I should have been more specific in my previous comment. You stated that the KLR limited ground clearance meant that a rider would be scraping pegs without much lean angle. Thus my comment that the KLR isn’t exactly a cruiser.

            • Nathan Haley

              oh! sorry I misunderstood! Yes, you’re completely right.

      • Stuki

        KLR rules for standing if you’re around 6′ tall. It’s comfortable to the point where you can talk about slouching on the pegs, all day long. Even the KTM 690 has pegs way to high to be comfy. As if anyone at KTM would be caught dead designing a “comfy” bike, good to slouch on…..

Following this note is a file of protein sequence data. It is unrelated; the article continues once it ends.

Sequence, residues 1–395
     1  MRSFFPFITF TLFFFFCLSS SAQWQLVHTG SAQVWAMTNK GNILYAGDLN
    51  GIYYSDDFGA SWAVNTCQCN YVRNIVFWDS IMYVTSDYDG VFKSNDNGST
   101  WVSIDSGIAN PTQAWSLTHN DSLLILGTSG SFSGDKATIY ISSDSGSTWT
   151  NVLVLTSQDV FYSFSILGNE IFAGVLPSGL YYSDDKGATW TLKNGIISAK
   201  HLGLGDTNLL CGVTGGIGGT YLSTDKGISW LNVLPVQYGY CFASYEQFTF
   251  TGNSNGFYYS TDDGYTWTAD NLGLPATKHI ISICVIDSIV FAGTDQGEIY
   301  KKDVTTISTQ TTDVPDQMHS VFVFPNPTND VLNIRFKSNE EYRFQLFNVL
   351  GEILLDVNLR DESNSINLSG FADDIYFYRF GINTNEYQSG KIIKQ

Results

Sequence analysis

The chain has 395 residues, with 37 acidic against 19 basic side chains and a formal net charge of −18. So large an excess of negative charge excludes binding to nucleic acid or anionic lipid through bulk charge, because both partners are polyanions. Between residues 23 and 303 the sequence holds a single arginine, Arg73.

• Tiberiuswise

      I feel like a broken record but the answer is always DR-Z 400. Unless you’re going to do mostly on road. Then the answer is Wee Strom.

  • runnermatt

    So between the XR650, DR650, and the KLR650; the KLR is the only one that has seen comparatively significant updates. Admittedly I don’t know much about the DR650. The XR650 is likely better off-road than the KLR. Kawasaki came out with the KLR650 “New Edition” for 2014 which has better suspension and a new seat for only $100 more. I think if I was shopping between the three I would have to go with the KLR.

    • Evil_Jim

      I shopped all 3 bikes.
      XR is certainly the best off road, but was way to cramped for me… 6’4″, and would have needed the pegs lowered, the bars swapped out and raised, and a new fuel tank before it would start to be OK for me.
      KLR is the heaviest and hardest to maintain… but is the best on the road of the 3.